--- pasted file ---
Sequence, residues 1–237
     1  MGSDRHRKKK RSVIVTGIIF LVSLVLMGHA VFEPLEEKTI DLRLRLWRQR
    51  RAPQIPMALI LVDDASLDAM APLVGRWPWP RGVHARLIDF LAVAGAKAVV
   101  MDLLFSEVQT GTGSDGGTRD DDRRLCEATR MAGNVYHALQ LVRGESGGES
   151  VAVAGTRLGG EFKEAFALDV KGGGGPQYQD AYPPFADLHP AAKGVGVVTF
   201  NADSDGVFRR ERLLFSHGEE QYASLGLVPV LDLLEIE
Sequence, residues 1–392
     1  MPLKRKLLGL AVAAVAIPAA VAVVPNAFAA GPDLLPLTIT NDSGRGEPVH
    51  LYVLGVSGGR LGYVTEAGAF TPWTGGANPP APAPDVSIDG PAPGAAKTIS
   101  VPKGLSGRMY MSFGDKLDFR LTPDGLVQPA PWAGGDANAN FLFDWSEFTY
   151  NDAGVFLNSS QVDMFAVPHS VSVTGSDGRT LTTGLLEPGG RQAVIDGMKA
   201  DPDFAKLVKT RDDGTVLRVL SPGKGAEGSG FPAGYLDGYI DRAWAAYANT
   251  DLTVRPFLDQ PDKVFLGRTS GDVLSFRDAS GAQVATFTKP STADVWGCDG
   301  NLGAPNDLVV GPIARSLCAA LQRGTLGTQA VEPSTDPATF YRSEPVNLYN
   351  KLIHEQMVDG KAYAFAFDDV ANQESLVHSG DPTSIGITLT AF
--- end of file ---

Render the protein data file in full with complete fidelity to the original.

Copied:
Sequence, residues 1–237
     1  MGSDRHRKKK RSVIVTGIIF LVSLVLMGHA VFEPLEEKTI DLRLRLWRQR
    51  RAPQIPMALI LVDDASLDAM APLVGRWPWP RGVHARLIDF LAVAGAKAVV
   101  MDLLFSEVQT GTGSDGGTRD DDRRLCEATR MAGNVYHALQ LVRGESGGES
   151  VAVAGTRLGG EFKEAFALDV KGGGGPQYQD AYPPFADLHP AAKGVGVVTF
   201  NADSDGVFRR ERLLFSHGEE QYASLGLVPV LDLLEIE
Sequence, residues 1–392
     1  MPLKRKLLGL AVAAVAIPAA VAVVPNAFAA GPDLLPLTIT NDSGRGEPVH
    51  LYVLGVSGGR LGYVTEAGAF TPWTGGANPP APAPDVSIDG PAPGAAKTIS
   101  VPKGLSGRMY MSFGDKLDFR LTPDGLVQPA PWAGGDANAN FLFDWSEFTY
   151  NDAGVFLNSS QVDMFAVPHS VSVTGSDGRT LTTGLLEPGG RQAVIDGMKA
   201  DPDFAKLVKT RDDGTVLRVL SPGKGAEGSG FPAGYLDGYI DRAWAAYANT
   251  DLTVRPFLDQ PDKVFLGRTS GDVLSFRDAS GAQVATFTKP STADVWGCDG
   301  NLGAPNDLVV GPIARSLCAA LQRGTLGTQA VEPSTDPATF YRSEPVNLYN
   351  KLIHEQMVDG KAYAFAFDDV ANQESLVHSG DPTSIGITLT AF